British number one Kyle Edmund is out of Wimbledon after three-time champion Novak Djokovic fought back to win their third-round match.
Serbian Djokovic, seeded 12th, regained control after 23-year-old Edmund made an encouraging start, going on to win 4-6 6-3 6-2 6-4 on Centre Court.
The 21st seed’s exit means there are no British players left in the singles.
Former world number one Djokovic, 31, will play Russian Karen Khachanov in the last 16 on Monday.
“I would have, looking back on it, liked to have been a little bit more aggressive at stages,” Edmund said.
“But it’s easier said than done when you’re in rallies. Today was reasonably good.”
Edmund had only won one main-draw match at Wimbledon going into this year’s tournament, but carried the nation’s hopes in the men’s draw after Andy Murray pulled out on the eve of the tournament.
Two routine wins over qualifiers Alex Bolt and Bradley Klahn – players ranked outside the top 150 – raised hopes he could cause a shock against Djokovic.
The Yorkshireman earned his maiden win over Djokovic at the Madrid Open in May, victory which he said would give him belief when they met again in SW19.
However, that win was on the clay and over three sets – this match proved a different proposition as Djokovic showed he remains one of the biggest threats in the draw.
It is the first time since 2007 a British singles player has not made the second week at Wimbledon.
“I thought it was a high-quality tennis match,” said Djokovic.
“It was very, very, very intense. Just a couple points here and there.”
Edmund unable to ride English wave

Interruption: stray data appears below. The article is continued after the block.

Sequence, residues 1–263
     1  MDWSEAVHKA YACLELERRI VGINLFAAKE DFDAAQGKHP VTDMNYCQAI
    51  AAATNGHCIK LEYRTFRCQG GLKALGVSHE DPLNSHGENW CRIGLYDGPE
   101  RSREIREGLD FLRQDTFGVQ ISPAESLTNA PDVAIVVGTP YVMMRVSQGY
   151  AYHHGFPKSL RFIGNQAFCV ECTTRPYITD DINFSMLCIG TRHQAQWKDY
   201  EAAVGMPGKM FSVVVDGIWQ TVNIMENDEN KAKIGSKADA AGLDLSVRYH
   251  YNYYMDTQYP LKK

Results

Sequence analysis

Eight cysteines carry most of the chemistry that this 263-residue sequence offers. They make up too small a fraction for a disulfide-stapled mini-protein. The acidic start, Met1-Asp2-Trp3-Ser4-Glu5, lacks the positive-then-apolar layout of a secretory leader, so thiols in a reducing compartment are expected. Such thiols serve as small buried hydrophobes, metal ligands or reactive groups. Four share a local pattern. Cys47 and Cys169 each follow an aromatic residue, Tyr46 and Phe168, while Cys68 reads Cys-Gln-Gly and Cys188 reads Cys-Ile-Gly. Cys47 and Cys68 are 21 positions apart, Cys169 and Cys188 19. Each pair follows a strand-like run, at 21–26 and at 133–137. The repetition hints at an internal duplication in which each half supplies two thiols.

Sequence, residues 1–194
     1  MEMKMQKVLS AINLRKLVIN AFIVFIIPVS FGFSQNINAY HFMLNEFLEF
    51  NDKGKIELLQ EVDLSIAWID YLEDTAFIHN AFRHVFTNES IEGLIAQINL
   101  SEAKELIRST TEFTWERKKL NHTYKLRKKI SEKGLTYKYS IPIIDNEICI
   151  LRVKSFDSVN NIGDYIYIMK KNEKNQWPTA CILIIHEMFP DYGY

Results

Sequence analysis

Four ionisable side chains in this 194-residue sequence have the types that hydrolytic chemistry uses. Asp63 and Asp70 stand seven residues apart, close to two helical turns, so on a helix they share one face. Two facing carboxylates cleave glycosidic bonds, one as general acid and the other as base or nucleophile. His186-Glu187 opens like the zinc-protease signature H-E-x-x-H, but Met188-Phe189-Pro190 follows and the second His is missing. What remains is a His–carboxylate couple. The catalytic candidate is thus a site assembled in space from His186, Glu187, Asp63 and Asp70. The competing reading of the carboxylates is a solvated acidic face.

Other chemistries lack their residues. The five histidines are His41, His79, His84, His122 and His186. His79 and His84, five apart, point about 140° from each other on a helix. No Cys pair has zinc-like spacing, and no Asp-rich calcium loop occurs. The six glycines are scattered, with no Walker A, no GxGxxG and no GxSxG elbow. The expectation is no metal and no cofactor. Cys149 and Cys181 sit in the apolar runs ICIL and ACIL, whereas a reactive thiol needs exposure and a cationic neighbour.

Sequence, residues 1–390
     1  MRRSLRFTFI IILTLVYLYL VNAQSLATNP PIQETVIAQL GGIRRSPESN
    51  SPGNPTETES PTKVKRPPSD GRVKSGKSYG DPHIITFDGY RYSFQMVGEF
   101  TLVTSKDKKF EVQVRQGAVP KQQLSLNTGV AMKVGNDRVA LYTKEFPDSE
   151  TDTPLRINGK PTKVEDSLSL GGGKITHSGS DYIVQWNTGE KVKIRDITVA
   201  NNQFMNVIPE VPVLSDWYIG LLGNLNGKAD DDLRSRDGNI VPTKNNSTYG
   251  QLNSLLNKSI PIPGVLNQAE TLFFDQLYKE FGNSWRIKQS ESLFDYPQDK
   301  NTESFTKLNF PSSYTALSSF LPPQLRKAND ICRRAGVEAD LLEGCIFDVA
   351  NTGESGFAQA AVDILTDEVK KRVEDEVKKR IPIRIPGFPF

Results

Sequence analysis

The match was scheduled third on Centre Court on Saturday in an attempt to avoid a direct clash with England’s World Cup quarter-final against Sweden.
And the players walked out on to Centre – which had a sparse crowd watching the preceding match between Angelique Kerber and Naomi Osaka – just moments after England wrapped up victory.
There were still a few empty seats as play started, but those who had returned created a buzz which they hoped could help Edmund make a fast start.
It did not materialise immediately as his serve came under pressure in the second game.
Edmund saved two break points after edging a baseline rally and a forehand volley, going on to seal what proved to be a significant hold.
With the energy of the crowd behind him, a pumped up Edmund picked up the pace and began to hurt Djokovic with ferocious forehands.
His trademark shot and biggest weapon enabled him to take the first break of the match at the fourth attempt for a 4-2 lead, going on to serve out the opener.
However, the buoyancy of the crowd – no doubt boosted by England’s victory in the football – started to fade as Djokovic fought back.